A New Drug Overdose Epidemic Is Hitting the City of Binghamton Hard


Maia Graham , Student Journalist

In the midst of a national overdose epidemic, the City of Binghamton is seeing dramatic increases in overdoses

According to various sources, including the Broome Opioid Awareness Council (BOAC), the City of Binghamton has been experiencing a spike in overdoses since the beginning of January. Binghamton Police have responded to over 47 overdose calls; a dramatic increase in drug overdoses that the police had yet to witness. 

This recent spike could be because of many factors, but all the overdose cases reported have one thing in common: all of the narcotics were laced with fentanyl. Fentanyl is a specific narcotic mostly used as a pain killer or sometimes for pleasure. Fentanyl has also caused a spike in national overdose rates over the years, but it is relatively new in Binghamton. Mayor Jared Kraham says that fentanyl has been circulating throughout the City of Binghamton since the beginning of January and its increasing numbers are being dealt with by both the police and community organizations that provide treatment programs. The Addiction Center of Broome County provides many of these treatment programs to help overcome substance abuse disorders. 

“Certainly, something the community can do is be trained in how to use Narcan and know the signs of an overdose and to help keep people safe and keep them breathing and alive,” says Camila Pirich, Executive Director of the Addiction Center of Broome County. Pirich is referring to a medicine called Narcan that is used to treat narcotic overdoses in emergencies, which police officers have been required to carry in every patrol car since 2014.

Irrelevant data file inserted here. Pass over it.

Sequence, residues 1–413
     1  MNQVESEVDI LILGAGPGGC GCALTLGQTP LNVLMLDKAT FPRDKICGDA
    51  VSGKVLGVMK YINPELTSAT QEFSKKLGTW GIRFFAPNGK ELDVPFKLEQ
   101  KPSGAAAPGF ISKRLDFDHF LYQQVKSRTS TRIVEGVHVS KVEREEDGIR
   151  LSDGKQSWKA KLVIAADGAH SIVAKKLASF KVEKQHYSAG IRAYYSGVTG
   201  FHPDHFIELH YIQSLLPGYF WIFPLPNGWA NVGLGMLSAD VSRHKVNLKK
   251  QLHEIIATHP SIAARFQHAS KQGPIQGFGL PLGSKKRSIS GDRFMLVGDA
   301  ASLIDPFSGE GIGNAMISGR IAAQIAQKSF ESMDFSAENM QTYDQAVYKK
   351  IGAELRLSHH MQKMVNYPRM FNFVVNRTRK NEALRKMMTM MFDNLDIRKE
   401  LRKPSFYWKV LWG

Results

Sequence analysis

Pirich warns that many fentanyl-laced drugs have been reported including heroin, cocaine, meth, and counterfeit pills which are most likely contributing to recent overdose rates as well. 

“If you have a family member, if you have a loved one, a friend, or a coworker, who you know is using, there has never been a more critical time to support them in seeking help,” says Mayor Jared Kraham. 

Aside from anything else, both the mayor and addiction centers agree that the most important thing to do in this situation is to support addiction victims. Those who use substances are encouraged by the BOAC to utilize the Never Use Alone Hotline by calling 1-800-997-2280. If there is an overdose present, please call 9-1-1.